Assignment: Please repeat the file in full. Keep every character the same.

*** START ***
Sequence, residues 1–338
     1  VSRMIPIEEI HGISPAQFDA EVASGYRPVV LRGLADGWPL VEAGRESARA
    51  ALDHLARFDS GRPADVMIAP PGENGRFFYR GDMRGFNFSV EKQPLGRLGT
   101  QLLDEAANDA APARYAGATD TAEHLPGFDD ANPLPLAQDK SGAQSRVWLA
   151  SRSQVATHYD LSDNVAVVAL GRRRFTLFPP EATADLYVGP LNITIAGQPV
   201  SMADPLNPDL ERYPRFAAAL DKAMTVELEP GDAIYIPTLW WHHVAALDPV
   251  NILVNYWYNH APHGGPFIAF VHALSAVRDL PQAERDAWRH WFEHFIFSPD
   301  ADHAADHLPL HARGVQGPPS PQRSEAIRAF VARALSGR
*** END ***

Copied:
Sequence, residues 1–338
     1  VSRMIPIEEI HGISPAQFDA EVASGYRPVV LRGLADGWPL VEAGRESARA
    51  ALDHLARFDS GRPADVMIAP PGENGRFFYR GDMRGFNFSV EKQPLGRLGT
   101  QLLDEAANDA APARYAGATD TAEHLPGFDD ANPLPLAQDK SGAQSRVWLA
   151  SRSQVATHYD LSDNVAVVAL GRRRFTLFPP EATADLYVGP LNITIAGQPV
   201  SMADPLNPDL ERYPRFAAAL DKAMTVELEP GDAIYIPTLW WHHVAALDPV
   251  NILVNYWYNH APHGGPFIAF VHALSAVRDL PQAERDAWRH WFEHFIFSPD
   301  ADHAADHLPL HARGVQGPPS PQRSEAIRAF VARALSGR